Looking for some additional information on Summit County’s history and more? Read on to find out more on Dillon Reservoir, Breckenridge, Frisco & Keystone.
Summit County History and Info
Did you know that Lake Dillon Reservoir is man-made? The Town of Frisco was already in existence, and all the buildings at the bottom of the lake were moved to the new towns of Dillon and Silverthorne.
Some of us consider the lake to be the heart of the county – with all the towns and ski resorts surrounding the alpine lake. The lake was built in the 1970s to serve as a reservoir for Denver Water, around the same time as the Eisenhower Tunnel.
Today Lake Dillon Reservoir doubles as a recreation area for boaters, anglers, sailors, and so much more. But no swimming allowed! It’s too cold and Denver Water likes to keep their supply clean.
Breckenridge and Frisco
There are others who consider Breckenridge or Frisco to be at the heart of our county. Both have history that date back before the mining days of the early 1800s. The true stories of these towns include all the best of the West – robberies, mining successes and failures, trains, and so much more!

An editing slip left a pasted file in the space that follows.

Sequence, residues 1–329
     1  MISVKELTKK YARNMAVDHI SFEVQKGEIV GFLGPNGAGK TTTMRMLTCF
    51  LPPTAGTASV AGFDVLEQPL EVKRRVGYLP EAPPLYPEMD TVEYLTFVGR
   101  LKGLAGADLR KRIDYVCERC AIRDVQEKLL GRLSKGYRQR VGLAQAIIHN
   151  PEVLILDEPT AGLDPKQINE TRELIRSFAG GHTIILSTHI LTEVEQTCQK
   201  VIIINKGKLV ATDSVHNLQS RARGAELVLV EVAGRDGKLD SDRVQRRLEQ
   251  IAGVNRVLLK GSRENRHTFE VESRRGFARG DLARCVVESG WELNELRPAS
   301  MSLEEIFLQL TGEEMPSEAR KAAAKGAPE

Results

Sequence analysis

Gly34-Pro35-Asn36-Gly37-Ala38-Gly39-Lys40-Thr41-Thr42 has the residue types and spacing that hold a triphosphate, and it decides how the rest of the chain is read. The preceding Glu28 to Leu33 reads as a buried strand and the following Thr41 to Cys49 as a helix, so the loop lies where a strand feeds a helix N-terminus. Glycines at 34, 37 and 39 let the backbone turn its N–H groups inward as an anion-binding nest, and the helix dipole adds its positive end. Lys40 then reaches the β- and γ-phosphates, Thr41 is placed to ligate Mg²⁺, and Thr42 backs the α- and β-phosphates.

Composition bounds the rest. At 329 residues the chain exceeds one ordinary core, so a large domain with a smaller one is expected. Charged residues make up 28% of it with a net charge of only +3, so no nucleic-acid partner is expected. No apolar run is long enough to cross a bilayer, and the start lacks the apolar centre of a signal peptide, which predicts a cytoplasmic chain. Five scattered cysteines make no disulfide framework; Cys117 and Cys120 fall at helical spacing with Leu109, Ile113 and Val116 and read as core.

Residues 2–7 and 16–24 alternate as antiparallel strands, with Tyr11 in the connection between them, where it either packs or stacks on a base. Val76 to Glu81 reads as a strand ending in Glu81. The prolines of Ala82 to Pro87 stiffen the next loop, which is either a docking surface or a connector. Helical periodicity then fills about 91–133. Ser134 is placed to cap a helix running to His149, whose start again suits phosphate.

Keystone was once owned by Purina Ralston and was also developed in the 1970s. It was originally being built to suit the Olympics, but alas, they never came to this area. There are many locals who have lived and worked on the resort since its inception.
There have been many books written about our wonderful local history. Feel free to stop by one of our local museums or bookstores (yes, we still have those) to find out more.
Most of the ski areas in Summit County are actually National Forest. The resorts lease the land and water rights from the National Forest Service in order to function. There are technical skiers who will “skin” up the mountain (with no chair lifts) and ski down; and have every right to do so for free because they are enjoying our National Forests
Each town and resort has their own rules with regards to Transfer Taxes, Private Resort Transfer Fees, and “Owed But Not Due” tap fees, which all come into effect when buying or selling property. Check out our blog on taxes here!